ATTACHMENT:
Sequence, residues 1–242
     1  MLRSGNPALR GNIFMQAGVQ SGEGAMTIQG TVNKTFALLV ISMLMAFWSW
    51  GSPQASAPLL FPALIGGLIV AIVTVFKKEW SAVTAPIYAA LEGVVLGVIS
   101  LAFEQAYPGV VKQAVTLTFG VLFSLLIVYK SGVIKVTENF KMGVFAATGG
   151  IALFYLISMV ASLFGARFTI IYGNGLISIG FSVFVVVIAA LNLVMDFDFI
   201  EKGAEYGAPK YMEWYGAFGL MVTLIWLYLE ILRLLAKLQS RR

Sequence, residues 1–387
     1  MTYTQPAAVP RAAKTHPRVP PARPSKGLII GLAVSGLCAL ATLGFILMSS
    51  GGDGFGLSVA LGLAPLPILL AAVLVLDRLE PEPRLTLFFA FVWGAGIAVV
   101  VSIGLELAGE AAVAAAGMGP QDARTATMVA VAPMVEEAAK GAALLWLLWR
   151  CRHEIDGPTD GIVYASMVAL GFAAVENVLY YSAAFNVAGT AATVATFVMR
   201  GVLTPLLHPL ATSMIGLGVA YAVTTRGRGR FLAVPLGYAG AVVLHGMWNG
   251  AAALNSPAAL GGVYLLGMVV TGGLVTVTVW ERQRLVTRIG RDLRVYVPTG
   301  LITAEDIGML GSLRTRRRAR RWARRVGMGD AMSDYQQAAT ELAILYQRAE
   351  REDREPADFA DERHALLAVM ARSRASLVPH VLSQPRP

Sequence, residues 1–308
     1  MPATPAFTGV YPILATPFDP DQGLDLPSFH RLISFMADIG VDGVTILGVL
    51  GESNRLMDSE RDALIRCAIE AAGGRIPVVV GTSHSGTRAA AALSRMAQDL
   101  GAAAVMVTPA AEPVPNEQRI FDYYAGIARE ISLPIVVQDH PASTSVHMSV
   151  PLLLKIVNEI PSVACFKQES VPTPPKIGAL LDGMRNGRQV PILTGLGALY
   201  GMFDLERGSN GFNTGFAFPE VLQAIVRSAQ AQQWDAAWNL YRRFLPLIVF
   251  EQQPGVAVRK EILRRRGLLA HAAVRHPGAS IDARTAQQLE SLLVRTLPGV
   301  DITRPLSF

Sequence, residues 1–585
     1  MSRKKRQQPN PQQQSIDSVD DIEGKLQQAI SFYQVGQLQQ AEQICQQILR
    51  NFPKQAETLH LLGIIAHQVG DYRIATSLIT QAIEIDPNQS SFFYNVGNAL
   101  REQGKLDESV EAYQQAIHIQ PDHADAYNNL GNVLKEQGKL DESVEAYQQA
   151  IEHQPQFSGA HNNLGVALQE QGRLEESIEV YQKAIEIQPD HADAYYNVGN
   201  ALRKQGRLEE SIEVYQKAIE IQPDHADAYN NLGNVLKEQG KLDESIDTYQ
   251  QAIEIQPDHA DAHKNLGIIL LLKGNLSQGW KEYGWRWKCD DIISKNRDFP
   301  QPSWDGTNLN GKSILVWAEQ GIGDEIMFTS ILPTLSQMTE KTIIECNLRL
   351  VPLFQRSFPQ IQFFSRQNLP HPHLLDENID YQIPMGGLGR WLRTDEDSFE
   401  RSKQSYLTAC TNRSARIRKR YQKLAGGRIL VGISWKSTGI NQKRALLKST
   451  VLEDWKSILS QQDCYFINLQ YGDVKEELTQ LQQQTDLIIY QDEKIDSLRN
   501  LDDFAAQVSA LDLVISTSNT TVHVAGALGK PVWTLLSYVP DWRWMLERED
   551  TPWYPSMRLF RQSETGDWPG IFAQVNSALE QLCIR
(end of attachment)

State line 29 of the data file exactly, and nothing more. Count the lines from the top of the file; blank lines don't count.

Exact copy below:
   201  ALRKQGRLEE SIEVYQKAIE IQPDHADAYN NLGNVLKEQG KLDESIDTYQ